5 Other Components of Psychological Health Emotional Intelligence Self-awareness Self-awareness Altruism Altruism Personal motivation Personal motivation Empathy Empathy Ability to love and be loved Ability to love and be loved Spiritual Intelligence The capacity to sense, understand, and tap into the highest parts of ourselves, others, and the world around us. Focus on the discovery of a wisdom within

6 The Three Pillars of Positive Psychology “Treatment is not just fixing what is broken, it is nurturing what is best within ourselves”.

7 Maslow’s Hierarchy of Needs

8 Values Terminal Goals Achievements Ideal states Instrumental Important ways of thinking and acting. (being loving or loyal)

9 Self Esteem Definition: Belief and pride in ourselves which develops overtime starting in childhood. Boosting self esteem: Positive affirmations, compliments, kudos and encouragement. Lowering self esteem: Feelings of a lack of love and encouragement, and seeking out people who think poorly of them.

10 Mood Definition: Definition: A sustained emotional state that colors our view of the world for hours or days. A sustained emotional state that colors our view of the world for hours or days. Mood Management: Mood Management: Men: distraction or alcohol and drug use. Men: distraction or alcohol and drug use. Women: talking with someone or to ruminate on why they feel bad. Women: talking with someone or to ruminate on why they feel bad. Cognitive reappraisal. Cognitive reappraisal. Alter your negative feelings. Alter your negative feelings. Get moving. Get moving. Take your mind off your troubles. Take your mind off your troubles.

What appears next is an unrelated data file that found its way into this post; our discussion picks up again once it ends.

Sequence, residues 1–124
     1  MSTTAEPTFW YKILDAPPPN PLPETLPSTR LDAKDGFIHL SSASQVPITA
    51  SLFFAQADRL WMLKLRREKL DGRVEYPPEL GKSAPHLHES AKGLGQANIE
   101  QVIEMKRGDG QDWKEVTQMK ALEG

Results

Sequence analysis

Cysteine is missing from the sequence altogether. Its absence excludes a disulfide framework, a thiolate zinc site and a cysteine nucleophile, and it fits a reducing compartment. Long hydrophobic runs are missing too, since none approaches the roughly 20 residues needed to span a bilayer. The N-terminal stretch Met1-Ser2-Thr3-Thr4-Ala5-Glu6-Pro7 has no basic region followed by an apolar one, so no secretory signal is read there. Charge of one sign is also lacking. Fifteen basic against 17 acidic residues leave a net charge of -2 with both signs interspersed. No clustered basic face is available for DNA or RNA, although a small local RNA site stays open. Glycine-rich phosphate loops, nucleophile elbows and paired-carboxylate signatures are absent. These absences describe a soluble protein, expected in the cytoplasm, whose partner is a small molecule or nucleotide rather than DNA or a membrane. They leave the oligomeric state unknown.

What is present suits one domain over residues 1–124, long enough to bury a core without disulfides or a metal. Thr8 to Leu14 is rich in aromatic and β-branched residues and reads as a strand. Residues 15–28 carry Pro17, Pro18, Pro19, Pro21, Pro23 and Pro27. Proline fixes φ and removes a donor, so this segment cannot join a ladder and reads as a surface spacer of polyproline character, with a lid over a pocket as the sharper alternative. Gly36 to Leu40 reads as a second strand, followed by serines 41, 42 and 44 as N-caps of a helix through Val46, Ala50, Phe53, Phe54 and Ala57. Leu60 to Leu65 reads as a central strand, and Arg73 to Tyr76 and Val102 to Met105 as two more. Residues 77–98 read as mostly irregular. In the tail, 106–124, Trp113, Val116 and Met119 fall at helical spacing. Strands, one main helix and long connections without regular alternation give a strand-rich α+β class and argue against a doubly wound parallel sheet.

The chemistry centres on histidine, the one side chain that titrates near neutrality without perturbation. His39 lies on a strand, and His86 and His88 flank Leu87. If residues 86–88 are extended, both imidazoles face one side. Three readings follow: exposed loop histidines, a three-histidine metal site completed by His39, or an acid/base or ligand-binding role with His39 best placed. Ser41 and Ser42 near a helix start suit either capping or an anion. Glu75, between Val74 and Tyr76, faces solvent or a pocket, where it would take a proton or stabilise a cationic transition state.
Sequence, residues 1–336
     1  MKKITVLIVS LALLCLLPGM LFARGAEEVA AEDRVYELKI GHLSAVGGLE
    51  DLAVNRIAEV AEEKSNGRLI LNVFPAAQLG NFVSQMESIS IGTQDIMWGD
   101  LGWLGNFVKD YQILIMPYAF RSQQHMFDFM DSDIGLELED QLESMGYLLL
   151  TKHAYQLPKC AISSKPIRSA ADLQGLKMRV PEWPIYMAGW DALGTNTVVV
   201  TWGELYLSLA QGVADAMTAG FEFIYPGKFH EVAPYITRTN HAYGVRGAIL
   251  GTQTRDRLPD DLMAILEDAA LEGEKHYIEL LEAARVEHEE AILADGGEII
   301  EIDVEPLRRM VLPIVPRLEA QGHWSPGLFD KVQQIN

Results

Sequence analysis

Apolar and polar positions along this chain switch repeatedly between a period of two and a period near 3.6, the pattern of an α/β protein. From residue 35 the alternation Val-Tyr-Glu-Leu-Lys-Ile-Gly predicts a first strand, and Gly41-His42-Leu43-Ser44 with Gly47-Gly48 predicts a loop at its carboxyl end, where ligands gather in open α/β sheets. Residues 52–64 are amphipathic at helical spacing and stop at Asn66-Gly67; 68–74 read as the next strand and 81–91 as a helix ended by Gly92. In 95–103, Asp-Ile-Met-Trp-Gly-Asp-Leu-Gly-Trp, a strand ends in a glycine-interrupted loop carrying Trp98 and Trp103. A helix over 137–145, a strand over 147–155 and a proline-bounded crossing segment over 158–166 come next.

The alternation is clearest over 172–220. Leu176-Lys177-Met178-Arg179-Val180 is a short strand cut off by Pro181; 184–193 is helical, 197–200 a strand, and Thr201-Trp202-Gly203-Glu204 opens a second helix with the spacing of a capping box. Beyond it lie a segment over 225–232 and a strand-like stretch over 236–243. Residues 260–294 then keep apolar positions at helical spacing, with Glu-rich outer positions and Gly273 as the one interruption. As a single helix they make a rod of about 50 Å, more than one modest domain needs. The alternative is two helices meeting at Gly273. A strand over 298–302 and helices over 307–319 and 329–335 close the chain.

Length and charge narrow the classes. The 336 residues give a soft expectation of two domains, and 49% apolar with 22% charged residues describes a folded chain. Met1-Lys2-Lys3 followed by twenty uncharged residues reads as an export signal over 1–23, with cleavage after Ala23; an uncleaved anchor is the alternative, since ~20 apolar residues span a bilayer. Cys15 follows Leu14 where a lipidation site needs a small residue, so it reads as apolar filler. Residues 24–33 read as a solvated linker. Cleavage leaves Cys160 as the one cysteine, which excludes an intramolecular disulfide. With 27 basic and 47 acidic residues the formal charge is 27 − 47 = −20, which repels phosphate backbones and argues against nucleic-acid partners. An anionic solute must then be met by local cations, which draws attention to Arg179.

11 Factors Affecting Happiness Factors Affecting Happiness Relationships Genetics Gender and Race Education Intelligence Age, Health, and Wealth Life Events

12 Happiness Boosters Loving and Being Loved Optimism Altruism Humor

13 Developing Autonomy Dependence Autonomy

14 The Mentally Healthy Individual

15 What is a Mental Disorder? American’s Psychiatric Association’s Diagnostic and Statistical Manual, 4 th edition (DSM-IV) “a clinically significant behavioral or psychological syndrome or pattern that occurs in an individual and that is associated with present distress or disability or with a significantly increased risk of suffering death, pain, disability, or an important loss of freedom.”